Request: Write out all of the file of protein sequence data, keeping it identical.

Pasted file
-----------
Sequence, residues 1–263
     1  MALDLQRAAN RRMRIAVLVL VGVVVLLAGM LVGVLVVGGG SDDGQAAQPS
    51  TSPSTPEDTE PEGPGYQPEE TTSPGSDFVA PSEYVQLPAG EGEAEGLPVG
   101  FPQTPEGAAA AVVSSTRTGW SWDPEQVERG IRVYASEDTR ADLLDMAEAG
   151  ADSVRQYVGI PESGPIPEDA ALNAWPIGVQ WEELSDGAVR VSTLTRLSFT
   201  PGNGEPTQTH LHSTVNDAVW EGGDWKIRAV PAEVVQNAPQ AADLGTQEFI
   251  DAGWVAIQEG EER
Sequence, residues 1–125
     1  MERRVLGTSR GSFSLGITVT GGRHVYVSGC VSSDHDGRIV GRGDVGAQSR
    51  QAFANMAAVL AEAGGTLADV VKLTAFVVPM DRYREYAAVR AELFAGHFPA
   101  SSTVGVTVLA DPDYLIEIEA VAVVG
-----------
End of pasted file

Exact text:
Sequence, residues 1–263
     1  MALDLQRAAN RRMRIAVLVL VGVVVLLAGM LVGVLVVGGG SDDGQAAQPS
    51  TSPSTPEDTE PEGPGYQPEE TTSPGSDFVA PSEYVQLPAG EGEAEGLPVG
   101  FPQTPEGAAA AVVSSTRTGW SWDPEQVERG IRVYASEDTR ADLLDMAEAG
   151  ADSVRQYVGI PESGPIPEDA ALNAWPIGVQ WEELSDGAVR VSTLTRLSFT
   201  PGNGEPTQTH LHSTVNDAVW EGGDWKIRAV PAEVVQNAPQ AADLGTQEFI
   251  DAGWVAIQEG EER
Sequence, residues 1–125
     1  MERRVLGTSR GSFSLGITVT GGRHVYVSGC VSSDHDGRIV GRGDVGAQSR
    51  QAFANMAAVL AEAGGTLADV VKLTAFVVPM DRYREYAAVR AELFAGHFPA
   101  SSTVGVTVLA DPDYLIEIEA VAVVG